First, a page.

Contentedly enjoying some chat along with a rather excellent Hungarian dessert wine at the BirdLife partner conference in Budapest, I idly checked the BirdGuides news page on my iPhone: it wouldn't load but I just put that down to a hotel wifi connection overloaded with BirdLife partners from 43 countries skyping home. It was a short while later that I stole a quick glance at my email, thereby sealing my fate for the next 30 or so hours. Not only was our web server down, but, chillingly, the duty engineer at our ISP claimed not to be able to find a bootable operating system on it. Website crises habitually fall into two categories: short-term panics that are usually quickly resolved by unflappable engineers, or unfolding disasters of epic proportions. A dreadful sinking feeling told me this was the latter, as I made my apologies and scurried back to my hotel room.
And so it was to be.
Initially our Master Boot Record appeared to be mashed: not a very nice thing to happen to anyone, but fixing it is a routine procedure and most patients go on to live a full and happy life. I suggested to the helpful engineer at our ISP that he might copy off a few vital files for me before patching the MBR "just in case anything went wrong". A short while later he called me back and cheerfully told me he couldn't read any files on the disk, but "not to worry", we'd get them off the most recent backup. Having a long and well-founded distrust of backups, I found it difficult to share his optimism. Hours pass; I can't sleep. Eventually I call to see what the story is: less cheery this time, he tells me that yes they have the backup, but the vital website configuration files are not present. You mean they're missing?!! Yes, but "not to worry", he has passed our case on to the escalation team. Meantime they have worked hard to reinstall the OS and "even upgraded it to the latest version". This a bit like the fire chief telling you that sorry your house has burned down and no, they couldn't save your filing cabinet with the house plans, but don't worry, we've cleared the site and, hey, we even upgraded your septic tank so you're good to go!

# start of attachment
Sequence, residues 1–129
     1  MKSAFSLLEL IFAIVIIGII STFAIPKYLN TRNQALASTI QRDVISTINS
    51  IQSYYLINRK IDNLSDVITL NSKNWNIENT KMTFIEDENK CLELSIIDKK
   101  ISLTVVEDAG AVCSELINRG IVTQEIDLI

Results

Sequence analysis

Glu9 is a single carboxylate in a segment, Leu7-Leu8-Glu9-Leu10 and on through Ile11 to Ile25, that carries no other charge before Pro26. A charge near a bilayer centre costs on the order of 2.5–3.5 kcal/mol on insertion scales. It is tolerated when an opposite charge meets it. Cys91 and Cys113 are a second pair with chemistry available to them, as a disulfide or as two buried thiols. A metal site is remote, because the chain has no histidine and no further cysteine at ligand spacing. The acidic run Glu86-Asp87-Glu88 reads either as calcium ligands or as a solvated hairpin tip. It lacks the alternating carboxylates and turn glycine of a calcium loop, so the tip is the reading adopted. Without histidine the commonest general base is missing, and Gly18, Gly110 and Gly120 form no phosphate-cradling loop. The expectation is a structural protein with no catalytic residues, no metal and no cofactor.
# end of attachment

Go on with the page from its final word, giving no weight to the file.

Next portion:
So with little sleep and and regretting the glass or two of wine I had so recently savoured, I'm faced with having to rebuild the BirdGuides website configuration more-or-less from scratch. Fortunately Hungarian coffee is just as potent as their dessert wine, and the BirdGuides "escalation team" swings into action. I hang a Do not Disturb sign on the hotel room door. A moment of inspired paranoia a while back prompted me to make a few backups of my own: I remember these, dig them out and get to work. But by lunch time I'm tired and starving and no longer fit to be left in charge of any server, let alone the BirdGuides server. I'm persuaded to take a break, so I wander down to the hotel restaurant and ask if they do a light lunch. The kind waitress tells me she has just the ticket - the Hungarian Business Lunch Special: four courses topped and tailed with an aperitif and coffee. Very, very tempting - but absolutely lethal in my condition, so I have to disappoint her and ask for a sandwich instead, and a very strong coffee. She brings me an aperitif anyhow - I must look like I need it.
Late afternoon, and birdguides.com is emerging from its near death experience. The bird news team is busily catching up with entering the day's news and we're almost ready to go live. Dave and Fiona are frantically testing and making sure all those obscure parts of the website are still functional, all the while blogging and tweeting to keep you all informed. Meantime I'm wrestling with a recalcitrant security certificate. At last the lock symbol appears, and you can confidently buy all those goodies from BirdGuides in the firm assurance that your security is protected by a company called GoDaddy.com. It's time to throw the switch.
Within seconds the traffic on birdguides.com kicks in, and grows, and grows, and grows. It's heartwarming and also rather scary to watch. Will the server cope? Have we forgotten anything? To imagine that so many people have been sitting (im)patiently at their browsers just waiting for this moment! It made my day. I wander down to the restaurant again, but sadly the Hungarian Business Lunch Special is off the menu.
So, as politicians promise after all good disasters, lessons will be learned. We clearly need to improve our resilience. But it is worth saying that our data - your data - was unaffected: it lives on a dedicated RAID array of hard drives and on a separate dedicated database server.
Thanks are due to Adrian at our ISP who toiled through the night to help us, and to my colleagues Fiona and Dave, without whose help and support the whole process would have taken so much longer.
I'm off to the Hortobágyi for a few days and this time I won't be checking my email...